The Spanish government confirmed plans June 27 for a 50-MW solar thermal facility in Alcazar de San Juan, a town in central Spain, only 40 minutes from the home of the famed literary character. The project, titled Termosolar Alcazar, is a joint venture between U.S. solar developer SolarReserve and Spanish renewable energy company Preneal.
The two companies won a competitive bid from the governing body, the region of Castilla-La Mancha.
According to a SolarReserve press release, the project will generate enough energy to power 70,000 homes. It will also create jobs; 4,000 workers will be employed in Spain and more than 2,500 in the U.S. during the construction period, estimated to take over two years.
“The project is scheduled to commence construction in early- to mid-2012 and has a 30-month construction period,” said SolarReserve CEO Kevin Smith in an email.
The project will use a technology called molten salt concentrated solar, in which a storage tank full of a molten salt mixture stores the energy from the sun. In this design, the plant produces power through the night and inclement weather.
“SolarReserve's technology overcomes photovoltaic’s limitations by decoupling energy collection from electricity generation. We can store energy and deliver when the utility wants it, day or night,” Smith said.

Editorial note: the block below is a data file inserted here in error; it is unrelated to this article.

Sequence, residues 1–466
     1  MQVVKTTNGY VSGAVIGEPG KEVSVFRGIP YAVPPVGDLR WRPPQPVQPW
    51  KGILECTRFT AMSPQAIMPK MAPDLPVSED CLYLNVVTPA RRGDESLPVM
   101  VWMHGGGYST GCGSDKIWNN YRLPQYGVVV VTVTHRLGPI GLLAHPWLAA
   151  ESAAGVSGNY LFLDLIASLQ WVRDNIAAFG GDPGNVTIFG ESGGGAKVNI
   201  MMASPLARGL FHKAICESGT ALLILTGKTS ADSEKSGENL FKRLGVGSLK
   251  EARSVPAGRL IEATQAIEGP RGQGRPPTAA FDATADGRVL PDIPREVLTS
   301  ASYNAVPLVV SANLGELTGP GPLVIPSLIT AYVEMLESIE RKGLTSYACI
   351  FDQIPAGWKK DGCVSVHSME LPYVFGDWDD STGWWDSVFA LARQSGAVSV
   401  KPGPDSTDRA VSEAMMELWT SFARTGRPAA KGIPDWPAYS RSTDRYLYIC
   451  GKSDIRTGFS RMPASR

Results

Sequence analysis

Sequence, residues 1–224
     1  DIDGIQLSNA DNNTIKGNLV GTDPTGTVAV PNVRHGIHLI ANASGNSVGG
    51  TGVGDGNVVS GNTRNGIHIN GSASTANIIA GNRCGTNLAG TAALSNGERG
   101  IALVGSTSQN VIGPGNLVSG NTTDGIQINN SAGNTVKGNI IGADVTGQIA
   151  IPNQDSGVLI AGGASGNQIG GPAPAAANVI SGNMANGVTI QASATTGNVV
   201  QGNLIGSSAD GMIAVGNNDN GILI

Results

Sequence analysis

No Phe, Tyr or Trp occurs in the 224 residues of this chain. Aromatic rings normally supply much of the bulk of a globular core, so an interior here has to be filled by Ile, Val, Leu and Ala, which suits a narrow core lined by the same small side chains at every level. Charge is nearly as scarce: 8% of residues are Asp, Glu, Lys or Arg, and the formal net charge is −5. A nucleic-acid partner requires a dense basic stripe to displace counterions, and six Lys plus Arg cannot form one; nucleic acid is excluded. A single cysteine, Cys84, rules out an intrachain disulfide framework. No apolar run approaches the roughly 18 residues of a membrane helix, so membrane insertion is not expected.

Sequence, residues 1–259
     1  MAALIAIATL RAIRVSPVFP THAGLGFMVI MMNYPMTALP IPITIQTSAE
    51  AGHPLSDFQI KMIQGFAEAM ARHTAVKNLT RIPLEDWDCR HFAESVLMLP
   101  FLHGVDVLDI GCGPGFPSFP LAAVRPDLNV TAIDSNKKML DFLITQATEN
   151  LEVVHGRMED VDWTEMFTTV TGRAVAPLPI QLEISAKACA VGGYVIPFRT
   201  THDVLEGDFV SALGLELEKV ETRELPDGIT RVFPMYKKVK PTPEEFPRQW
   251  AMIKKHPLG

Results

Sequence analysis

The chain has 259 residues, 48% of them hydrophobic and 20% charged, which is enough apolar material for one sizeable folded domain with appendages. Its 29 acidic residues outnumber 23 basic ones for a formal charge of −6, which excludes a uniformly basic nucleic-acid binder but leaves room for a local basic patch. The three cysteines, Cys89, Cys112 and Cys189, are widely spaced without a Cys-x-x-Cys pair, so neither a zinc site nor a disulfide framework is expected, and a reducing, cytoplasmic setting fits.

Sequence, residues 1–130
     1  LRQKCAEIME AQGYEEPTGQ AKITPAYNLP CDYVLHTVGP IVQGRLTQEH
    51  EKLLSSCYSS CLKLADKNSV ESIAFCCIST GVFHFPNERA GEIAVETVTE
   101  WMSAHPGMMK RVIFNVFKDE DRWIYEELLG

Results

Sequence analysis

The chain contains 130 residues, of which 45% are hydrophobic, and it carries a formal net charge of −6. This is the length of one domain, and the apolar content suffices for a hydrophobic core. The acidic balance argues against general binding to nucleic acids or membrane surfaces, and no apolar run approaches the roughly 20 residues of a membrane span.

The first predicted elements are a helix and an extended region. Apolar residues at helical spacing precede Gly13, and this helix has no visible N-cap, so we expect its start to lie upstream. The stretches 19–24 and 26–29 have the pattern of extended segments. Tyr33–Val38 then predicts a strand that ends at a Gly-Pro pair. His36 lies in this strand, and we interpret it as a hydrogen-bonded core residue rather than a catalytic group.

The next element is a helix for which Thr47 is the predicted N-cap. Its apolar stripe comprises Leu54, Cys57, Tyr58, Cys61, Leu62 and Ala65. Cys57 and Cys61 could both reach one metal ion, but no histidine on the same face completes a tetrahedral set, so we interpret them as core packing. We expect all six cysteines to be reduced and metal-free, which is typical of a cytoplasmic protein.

Smith said the process takes advantage of a huge field of mirrors.
“Our plant captures and focuses the sun's thermal energy with thousands of tracking mirrors (called heliostats) in a two square mile field,” he said. “A tower resides in the center of the heliostat field. The heliostats focus concentrated sunlight on a receiver, which sits on top of the tower.”
Smith could not confirm the project’s costs, saying SolarReserve does not disclose costs for any project. He also did not know how much carbon dioxide the plant would remove from the atmosphere.
Perhaps most importantly, it’s still unknown what safeguards the plant will have against naive roaming knights looking to revive chivalry and defend the honor of Dulcinea.